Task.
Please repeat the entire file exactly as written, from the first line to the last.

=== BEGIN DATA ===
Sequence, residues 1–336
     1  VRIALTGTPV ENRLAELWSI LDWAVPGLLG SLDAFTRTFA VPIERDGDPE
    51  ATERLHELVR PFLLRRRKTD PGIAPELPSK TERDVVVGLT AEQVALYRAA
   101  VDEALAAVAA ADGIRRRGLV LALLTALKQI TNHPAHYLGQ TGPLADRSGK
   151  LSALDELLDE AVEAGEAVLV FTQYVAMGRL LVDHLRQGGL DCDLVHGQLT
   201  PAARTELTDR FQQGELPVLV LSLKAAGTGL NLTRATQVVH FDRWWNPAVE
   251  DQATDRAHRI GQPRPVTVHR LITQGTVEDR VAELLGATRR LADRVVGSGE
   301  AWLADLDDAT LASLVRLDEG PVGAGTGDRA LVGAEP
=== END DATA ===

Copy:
Sequence, residues 1–336
     1  VRIALTGTPV ENRLAELWSI LDWAVPGLLG SLDAFTRTFA VPIERDGDPE
    51  ATERLHELVR PFLLRRRKTD PGIAPELPSK TERDVVVGLT AEQVALYRAA
   101  VDEALAAVAA ADGIRRRGLV LALLTALKQI TNHPAHYLGQ TGPLADRSGK
   151  LSALDELLDE AVEAGEAVLV FTQYVAMGRL LVDHLRQGGL DCDLVHGQLT
   201  PAARTELTDR FQQGELPVLV LSLKAAGTGL NLTRATQVVH FDRWWNPAVE
   251  DQATDRAHRI GQPRPVTVHR LITQGTVEDR VAELLGATRR LADRVVGSGE
   301  AWLADLDDAT LASLVRLDEG PVGAGTGDRA LVGAEP